The Children’s Treatment Center of Chatham-Kent is among several Southwestern Ontario organizations receiving provincial funding boosts for pediatric programming and services.
The province will spend more than $4.5 million to increase access to such services, part of an additional $330 million a year announced last summer for communities across Ontario.
“Our government is making record investments in the health and well-being of our children,” Health Minister Sylvia Jones said in a release.
“The pediatric funding provided to services in Windsor, Chatham, and Sarnia will have a tremendous impact on children and their families, ensuring they receive faster access to care when they need it.”
The more than $4.5 million in additional funding will support programs and services at: the Children’s Treatment Center of Chatham-Kent ($519,000); Pathways Health Center for Children in Sarnia ($964,000); Windsor Regional Hospital ($2.6 million); John McGivney Children’s Center in Windsor ($480,000); and Connections Early Years Family Center in Windsor ($66,000.
The money will be used to:
- Boost access to children’s rehabilitation services, such as speech language pathology, physiotherapy and occupational therapy, at the Chatham-Kent center, Pathways center in Sarnia and John McGivney and Connections centers in Windsor.
- Increase the number of people who can be seen in the emergency department at Windsor Regional Hospital by expanding an after-hours pediatric emergency diversion clinic to seven days a week at its Metropolitan Campus, reducing time pediatric patients spend in the emergency department.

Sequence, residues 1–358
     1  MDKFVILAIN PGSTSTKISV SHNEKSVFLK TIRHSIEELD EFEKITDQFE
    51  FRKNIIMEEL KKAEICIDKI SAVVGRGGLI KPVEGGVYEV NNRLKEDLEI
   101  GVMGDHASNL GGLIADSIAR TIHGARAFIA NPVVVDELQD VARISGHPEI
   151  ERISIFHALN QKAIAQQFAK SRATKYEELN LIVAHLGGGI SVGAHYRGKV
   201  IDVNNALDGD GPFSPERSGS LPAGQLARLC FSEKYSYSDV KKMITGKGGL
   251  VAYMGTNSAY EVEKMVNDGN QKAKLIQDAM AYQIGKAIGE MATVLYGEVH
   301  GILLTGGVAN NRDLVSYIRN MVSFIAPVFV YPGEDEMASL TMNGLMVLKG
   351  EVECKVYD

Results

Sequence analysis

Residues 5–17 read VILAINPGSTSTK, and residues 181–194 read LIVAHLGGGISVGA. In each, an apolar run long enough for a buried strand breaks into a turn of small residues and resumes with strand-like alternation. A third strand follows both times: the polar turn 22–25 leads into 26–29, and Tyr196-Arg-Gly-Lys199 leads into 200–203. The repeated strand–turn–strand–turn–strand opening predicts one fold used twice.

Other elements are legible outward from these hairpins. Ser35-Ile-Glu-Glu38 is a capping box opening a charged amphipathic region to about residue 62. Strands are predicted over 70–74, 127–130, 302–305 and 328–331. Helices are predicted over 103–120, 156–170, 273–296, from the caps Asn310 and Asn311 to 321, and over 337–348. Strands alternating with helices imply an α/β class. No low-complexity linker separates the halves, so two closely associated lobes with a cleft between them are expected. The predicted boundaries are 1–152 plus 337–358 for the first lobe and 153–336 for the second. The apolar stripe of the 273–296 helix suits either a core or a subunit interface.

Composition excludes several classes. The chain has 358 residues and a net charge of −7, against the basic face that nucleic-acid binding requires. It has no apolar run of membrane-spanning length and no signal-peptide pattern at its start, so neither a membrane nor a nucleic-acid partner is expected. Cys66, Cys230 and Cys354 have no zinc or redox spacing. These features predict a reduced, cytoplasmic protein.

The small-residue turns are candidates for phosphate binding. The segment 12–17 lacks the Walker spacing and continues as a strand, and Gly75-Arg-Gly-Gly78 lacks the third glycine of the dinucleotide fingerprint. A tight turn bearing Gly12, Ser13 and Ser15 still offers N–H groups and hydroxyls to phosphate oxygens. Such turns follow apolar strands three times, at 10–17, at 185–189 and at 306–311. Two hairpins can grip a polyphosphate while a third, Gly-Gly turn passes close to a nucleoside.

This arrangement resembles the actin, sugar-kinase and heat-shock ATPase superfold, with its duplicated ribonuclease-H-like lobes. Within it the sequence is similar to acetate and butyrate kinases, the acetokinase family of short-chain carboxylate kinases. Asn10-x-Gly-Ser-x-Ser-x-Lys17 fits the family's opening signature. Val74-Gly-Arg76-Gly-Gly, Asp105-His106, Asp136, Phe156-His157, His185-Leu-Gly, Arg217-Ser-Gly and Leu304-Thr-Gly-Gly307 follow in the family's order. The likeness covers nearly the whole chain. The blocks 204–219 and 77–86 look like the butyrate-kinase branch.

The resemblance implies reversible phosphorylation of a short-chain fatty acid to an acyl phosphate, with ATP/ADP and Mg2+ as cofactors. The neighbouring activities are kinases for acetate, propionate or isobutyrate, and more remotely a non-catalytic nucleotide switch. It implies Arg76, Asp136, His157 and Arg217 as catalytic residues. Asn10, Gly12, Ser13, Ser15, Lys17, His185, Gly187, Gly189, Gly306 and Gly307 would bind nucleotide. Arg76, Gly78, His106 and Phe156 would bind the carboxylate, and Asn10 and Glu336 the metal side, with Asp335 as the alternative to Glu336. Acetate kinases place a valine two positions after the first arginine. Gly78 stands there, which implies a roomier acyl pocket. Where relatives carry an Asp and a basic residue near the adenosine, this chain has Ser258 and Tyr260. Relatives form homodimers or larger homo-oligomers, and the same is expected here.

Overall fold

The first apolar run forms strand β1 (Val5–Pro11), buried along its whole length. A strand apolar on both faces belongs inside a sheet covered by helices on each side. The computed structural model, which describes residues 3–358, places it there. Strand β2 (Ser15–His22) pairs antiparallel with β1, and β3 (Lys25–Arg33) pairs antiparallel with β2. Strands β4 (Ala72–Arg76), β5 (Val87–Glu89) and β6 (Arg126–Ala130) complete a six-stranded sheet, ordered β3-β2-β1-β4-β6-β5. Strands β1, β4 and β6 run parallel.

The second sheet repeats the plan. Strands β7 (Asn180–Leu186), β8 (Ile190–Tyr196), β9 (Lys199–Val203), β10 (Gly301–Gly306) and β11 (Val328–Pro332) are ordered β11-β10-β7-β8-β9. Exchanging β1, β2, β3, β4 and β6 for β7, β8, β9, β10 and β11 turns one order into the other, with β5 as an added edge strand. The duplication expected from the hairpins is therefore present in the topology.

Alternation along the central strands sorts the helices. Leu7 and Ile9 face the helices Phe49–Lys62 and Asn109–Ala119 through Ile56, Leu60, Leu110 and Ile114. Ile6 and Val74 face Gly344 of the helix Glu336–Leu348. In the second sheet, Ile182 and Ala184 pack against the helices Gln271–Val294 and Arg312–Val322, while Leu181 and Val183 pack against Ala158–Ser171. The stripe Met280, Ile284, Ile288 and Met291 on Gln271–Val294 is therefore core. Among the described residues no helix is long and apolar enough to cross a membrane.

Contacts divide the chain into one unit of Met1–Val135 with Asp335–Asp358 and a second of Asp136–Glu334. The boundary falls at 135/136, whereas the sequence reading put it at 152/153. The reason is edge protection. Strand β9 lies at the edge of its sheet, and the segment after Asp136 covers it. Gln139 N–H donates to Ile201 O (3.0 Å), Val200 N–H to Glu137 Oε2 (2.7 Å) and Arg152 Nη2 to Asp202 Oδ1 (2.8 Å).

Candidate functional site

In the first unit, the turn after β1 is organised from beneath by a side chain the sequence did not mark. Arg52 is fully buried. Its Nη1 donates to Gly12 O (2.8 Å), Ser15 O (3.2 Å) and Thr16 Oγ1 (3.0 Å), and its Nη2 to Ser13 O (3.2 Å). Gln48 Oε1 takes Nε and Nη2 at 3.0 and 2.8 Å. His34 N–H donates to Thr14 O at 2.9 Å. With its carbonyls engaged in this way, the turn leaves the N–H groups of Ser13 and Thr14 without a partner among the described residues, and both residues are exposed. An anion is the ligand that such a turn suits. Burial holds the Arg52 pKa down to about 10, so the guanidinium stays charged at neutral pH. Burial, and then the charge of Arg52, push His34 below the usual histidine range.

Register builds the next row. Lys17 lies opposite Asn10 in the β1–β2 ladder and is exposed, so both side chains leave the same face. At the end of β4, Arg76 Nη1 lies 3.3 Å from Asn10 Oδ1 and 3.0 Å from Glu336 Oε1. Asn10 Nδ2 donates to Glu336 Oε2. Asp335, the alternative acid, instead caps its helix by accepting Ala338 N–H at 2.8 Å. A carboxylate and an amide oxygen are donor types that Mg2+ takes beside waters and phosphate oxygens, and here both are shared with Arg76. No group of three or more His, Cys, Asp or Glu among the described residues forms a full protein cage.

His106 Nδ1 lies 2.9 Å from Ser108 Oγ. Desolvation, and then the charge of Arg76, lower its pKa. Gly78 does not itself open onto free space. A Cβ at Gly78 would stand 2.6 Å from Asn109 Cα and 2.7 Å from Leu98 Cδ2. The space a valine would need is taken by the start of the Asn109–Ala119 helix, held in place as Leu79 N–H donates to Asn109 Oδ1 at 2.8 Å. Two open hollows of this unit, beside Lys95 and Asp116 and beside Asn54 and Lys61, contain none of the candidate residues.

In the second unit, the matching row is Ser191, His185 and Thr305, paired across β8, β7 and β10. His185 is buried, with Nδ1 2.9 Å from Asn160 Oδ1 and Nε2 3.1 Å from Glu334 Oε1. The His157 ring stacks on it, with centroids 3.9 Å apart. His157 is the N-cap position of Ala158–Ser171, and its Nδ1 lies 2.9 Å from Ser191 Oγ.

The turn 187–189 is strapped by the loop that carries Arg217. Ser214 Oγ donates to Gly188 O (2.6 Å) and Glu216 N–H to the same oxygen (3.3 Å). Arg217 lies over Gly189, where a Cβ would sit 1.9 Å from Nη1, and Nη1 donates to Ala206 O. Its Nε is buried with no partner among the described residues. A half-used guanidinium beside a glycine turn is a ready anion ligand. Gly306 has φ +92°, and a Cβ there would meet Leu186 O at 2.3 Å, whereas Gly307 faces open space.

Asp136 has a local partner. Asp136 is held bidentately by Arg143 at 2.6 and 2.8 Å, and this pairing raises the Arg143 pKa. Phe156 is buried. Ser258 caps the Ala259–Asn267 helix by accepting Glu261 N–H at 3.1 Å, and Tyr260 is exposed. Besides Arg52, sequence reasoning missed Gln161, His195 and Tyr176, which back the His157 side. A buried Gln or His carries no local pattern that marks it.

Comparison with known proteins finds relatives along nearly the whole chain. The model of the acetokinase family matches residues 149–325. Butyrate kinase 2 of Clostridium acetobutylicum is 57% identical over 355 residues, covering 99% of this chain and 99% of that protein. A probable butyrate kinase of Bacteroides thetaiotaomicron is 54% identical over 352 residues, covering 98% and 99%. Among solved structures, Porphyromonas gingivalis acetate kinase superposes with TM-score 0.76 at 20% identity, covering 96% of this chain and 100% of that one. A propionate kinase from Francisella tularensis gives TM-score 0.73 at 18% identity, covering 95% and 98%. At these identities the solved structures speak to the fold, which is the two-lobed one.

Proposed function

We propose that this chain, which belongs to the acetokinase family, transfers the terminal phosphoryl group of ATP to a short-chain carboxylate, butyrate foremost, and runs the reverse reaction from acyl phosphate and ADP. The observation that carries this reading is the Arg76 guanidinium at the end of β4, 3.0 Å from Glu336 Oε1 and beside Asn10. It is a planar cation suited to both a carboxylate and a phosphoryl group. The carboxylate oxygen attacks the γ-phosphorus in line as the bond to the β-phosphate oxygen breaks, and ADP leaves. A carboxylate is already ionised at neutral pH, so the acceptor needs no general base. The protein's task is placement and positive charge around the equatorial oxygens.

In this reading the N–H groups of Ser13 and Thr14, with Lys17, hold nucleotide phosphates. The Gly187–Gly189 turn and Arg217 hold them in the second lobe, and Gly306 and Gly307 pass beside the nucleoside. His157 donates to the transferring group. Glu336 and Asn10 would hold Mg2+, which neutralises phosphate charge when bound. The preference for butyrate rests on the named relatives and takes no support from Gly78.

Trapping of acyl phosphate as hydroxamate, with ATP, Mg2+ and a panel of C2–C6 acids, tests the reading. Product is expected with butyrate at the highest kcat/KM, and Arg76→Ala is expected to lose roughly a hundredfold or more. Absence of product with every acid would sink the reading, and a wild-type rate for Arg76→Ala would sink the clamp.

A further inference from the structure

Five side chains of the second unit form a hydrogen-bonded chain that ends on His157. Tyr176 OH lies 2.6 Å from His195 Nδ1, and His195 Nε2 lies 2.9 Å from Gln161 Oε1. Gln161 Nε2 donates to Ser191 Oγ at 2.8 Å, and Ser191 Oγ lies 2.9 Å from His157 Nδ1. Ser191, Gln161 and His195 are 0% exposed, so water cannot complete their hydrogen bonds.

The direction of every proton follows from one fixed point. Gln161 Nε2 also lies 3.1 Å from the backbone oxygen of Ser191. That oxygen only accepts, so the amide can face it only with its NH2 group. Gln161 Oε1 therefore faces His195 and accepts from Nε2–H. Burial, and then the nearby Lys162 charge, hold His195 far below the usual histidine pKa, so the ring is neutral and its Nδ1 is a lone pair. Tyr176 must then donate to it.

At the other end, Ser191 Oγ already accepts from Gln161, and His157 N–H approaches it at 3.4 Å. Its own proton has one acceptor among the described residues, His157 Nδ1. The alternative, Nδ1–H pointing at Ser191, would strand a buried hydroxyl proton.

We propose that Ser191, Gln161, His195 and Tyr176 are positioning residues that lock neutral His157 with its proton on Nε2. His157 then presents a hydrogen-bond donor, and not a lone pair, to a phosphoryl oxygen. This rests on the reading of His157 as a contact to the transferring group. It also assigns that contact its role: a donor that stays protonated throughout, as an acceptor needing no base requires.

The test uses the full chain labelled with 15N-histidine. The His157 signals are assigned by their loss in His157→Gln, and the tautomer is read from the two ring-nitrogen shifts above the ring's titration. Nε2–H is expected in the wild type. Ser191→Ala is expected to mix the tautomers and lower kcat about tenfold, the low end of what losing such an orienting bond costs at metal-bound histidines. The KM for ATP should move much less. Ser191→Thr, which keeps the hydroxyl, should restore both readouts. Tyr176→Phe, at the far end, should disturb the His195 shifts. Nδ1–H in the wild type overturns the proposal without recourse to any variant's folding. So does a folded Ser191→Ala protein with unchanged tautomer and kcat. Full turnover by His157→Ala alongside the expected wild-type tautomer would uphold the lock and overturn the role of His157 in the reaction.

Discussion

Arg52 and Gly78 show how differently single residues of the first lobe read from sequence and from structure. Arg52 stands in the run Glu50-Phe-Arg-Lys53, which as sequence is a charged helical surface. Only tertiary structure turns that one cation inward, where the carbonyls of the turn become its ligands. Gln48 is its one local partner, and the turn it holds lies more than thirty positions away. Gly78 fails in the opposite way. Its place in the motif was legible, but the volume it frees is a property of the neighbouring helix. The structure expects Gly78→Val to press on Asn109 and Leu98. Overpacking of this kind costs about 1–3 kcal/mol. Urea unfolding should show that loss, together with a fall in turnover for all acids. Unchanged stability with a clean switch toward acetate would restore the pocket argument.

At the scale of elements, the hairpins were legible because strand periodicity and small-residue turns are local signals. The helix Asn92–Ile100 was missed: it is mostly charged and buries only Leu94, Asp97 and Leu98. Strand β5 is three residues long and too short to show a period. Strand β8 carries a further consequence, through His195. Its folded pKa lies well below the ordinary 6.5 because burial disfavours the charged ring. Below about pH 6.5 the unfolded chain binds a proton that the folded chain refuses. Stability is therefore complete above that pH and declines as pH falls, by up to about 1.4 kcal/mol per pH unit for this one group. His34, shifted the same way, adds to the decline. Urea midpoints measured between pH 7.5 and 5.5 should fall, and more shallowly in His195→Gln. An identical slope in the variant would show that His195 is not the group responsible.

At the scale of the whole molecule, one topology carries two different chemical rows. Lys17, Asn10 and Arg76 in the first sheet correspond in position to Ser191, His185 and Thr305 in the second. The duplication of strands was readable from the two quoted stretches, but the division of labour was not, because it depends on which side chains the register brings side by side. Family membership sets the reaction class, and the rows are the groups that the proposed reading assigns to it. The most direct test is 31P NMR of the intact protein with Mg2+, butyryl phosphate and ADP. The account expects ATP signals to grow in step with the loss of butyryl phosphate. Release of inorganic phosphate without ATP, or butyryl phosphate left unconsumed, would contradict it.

Tina Jamieson, Children’s Treatment Center of Chatham-Kent service manager, said they appreciated the new funding and looking forward to the positive impact it will have on families.
“This boost will give us the capacity to increase speech and occupational therapy staff and provide more service, which reduces our waiting lists for children, youth, and families in our community,” she said.
The province added that consistent and stable annual funding increases will help ensure facilities have the people, resources and technology to improve access to pediatric care, while preventing backlogs.
“Ontario is putting children and youth first by ensuring they receive the care they need when they need it,” Children, Community and Social Services Minister Michael Parsa said in the release.
“Our government’s significant investment in pediatric care will reduce waitlists, improve access to clinical assessments, early intervention, and children’s rehabilitation services, such as speech-language pathology, physiotherapy, and occupational therapy.
“This means less time waiting for services, quicker recovery, and better quality of life for children and their families in Southwestern Ontario and across the province.”
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